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Lords reform is becoming a test of whether Ed Miliband can control his party

There is a discreet culture war brewing in the Labour ranks.

If David Cameron does not already regret his failure to nurture devotion in the cohort of Tories first elected to parliament at the last election, he will do soon enough.

The 2010 intake, amounting to nearly half of all Conservative MPs, ought to be a loyal Cameroon infantry. Many were selected to fight winnable seats from the Tory leadership’s “A-list” – the “modernising” fast-track for fresh-faced candidates to renew the party’s public image. Yet they now feel unheeded and underemployed.
A handful of eager supplicants will get junior ministerial jobs in a long-awaited reshuffle – widely expected to happen in September. But that will create as many resentments as it appeases. Besides, the malaise is about more than thwarted ambition.
Many MPs feel they won their seats despite, not because of, their leader’s efforts. Now in power, there is a growing sense that the whole Cameron project is drifting and that the future of Conservatism lies elsewhere. The Prime Minister is said to be bogged down in coalition haggling and day-to-day news management. 
It is still possible to find Tory MPs who predict a Conservative majority at the next election  but their calculations rely on scathing assessments of Ed Miliband and expectations of a Labour implosion. Few look to Cameron for inspiration. “The next election won’t be a beauty contest between competing ideas for the country,” says a despondent Tory 2010-er. “There is a complete lack of intellectual direction from the top,” says another.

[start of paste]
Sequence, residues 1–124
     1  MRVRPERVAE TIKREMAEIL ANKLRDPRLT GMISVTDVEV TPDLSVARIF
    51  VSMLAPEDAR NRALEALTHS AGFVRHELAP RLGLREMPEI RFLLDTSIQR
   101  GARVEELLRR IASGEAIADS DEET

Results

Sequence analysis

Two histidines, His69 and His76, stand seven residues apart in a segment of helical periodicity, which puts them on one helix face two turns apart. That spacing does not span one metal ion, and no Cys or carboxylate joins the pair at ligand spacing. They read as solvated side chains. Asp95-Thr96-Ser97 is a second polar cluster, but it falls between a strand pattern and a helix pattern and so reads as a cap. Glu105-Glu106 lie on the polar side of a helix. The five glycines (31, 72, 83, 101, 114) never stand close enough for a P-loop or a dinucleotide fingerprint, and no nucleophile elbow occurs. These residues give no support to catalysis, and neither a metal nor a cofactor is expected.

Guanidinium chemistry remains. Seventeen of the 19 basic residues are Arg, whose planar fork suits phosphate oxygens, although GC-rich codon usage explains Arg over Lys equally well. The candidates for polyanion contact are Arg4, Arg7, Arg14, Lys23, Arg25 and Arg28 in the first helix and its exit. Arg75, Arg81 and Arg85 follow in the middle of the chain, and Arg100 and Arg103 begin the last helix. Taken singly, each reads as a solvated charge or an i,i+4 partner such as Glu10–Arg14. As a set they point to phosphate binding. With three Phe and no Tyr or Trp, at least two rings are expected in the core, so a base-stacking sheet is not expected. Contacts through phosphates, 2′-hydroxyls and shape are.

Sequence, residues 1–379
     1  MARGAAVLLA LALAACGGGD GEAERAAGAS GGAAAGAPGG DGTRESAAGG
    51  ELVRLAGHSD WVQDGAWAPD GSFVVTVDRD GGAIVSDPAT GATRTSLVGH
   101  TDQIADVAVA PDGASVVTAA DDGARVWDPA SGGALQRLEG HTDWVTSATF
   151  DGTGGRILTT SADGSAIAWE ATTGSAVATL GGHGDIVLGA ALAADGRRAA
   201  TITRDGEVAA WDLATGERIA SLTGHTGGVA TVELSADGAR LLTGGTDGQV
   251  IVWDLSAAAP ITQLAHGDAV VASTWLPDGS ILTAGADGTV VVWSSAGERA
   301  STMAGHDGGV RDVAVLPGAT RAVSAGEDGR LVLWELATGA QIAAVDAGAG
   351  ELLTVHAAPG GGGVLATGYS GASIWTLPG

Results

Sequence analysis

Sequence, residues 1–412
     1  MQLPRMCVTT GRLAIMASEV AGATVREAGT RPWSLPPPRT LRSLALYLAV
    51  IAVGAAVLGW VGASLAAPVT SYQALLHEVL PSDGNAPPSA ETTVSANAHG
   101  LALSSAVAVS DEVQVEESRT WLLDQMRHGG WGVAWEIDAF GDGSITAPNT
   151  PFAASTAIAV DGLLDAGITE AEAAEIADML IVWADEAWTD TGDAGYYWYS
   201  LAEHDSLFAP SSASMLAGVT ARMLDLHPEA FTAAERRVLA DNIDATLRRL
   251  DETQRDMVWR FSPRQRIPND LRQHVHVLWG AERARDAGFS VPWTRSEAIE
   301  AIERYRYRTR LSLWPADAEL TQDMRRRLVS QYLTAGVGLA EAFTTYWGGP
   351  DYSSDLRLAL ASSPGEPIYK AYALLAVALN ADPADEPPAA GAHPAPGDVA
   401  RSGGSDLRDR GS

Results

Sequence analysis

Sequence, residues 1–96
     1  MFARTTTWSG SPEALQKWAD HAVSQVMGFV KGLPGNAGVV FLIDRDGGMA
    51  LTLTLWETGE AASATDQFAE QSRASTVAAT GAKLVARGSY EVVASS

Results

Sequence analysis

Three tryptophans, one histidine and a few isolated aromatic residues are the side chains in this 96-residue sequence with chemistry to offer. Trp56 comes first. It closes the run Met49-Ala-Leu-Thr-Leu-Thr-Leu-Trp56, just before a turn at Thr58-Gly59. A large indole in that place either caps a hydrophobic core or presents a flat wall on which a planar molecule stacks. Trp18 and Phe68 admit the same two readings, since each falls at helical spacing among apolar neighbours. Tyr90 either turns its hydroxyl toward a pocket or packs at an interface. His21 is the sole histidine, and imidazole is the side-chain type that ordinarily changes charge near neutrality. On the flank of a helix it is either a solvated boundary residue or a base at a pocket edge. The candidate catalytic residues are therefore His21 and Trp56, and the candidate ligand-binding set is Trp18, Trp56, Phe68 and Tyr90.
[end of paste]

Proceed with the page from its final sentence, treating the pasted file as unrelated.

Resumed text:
Culture war

A similar lament can be heard from recent arrivals on the opposition benches. Miliband’s position has been strengthened by Labour’s double-digit advantage in opinion polls. But reservations about the dynamism of his leadership remain. There is a fear that a mediocre mid-term bounce is being misinterpreted as a licence to duck difficult decisions and wait for the government to fail. “We’ve got more confident,” says one young backbencher. “The question is what we do with confidence.”
There is a discreet culture war brewing in the Labour ranks between those who think they can plot a route to power with a sequence of tactical manoeuvres and those who crave a grand strategic vision. It is partly, but by no means exclusively, friction between an idealistic new generation and cynical veterans of the Blair-Brown wars. It is also a disagreement over the kind of politics Labour should be engaged in: coalition-building or coalition sabotage.